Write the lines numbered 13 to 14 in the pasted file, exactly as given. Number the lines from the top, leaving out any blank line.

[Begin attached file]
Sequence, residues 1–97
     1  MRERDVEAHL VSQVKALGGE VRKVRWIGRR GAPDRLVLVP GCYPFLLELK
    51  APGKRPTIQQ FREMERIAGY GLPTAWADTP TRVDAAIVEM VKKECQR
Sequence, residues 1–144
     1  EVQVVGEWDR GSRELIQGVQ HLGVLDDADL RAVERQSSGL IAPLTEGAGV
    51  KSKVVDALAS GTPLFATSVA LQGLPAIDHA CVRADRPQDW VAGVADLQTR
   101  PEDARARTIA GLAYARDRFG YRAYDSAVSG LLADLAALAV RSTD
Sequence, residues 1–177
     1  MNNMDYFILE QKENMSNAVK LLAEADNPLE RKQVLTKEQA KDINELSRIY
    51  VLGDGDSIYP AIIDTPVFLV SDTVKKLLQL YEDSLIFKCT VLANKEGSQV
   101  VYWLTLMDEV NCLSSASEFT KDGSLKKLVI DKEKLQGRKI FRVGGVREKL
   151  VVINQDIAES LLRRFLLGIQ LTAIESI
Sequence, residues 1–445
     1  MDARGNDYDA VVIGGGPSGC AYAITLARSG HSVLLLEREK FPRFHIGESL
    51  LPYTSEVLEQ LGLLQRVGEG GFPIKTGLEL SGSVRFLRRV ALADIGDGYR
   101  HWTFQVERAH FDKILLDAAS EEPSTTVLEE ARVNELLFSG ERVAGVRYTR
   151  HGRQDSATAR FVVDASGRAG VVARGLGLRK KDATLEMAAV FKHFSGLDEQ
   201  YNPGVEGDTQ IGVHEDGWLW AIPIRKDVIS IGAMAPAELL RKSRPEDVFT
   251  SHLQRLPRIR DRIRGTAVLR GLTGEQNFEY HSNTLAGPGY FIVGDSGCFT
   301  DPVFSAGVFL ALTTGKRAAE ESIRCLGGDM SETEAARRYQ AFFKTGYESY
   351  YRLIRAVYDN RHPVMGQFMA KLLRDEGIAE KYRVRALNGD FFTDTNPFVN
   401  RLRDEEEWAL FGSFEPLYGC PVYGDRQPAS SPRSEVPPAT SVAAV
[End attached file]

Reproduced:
Sequence, residues 1–445
     1  MDARGNDYDA VVIGGGPSGC AYAITLARSG HSVLLLEREK FPRFHIGESL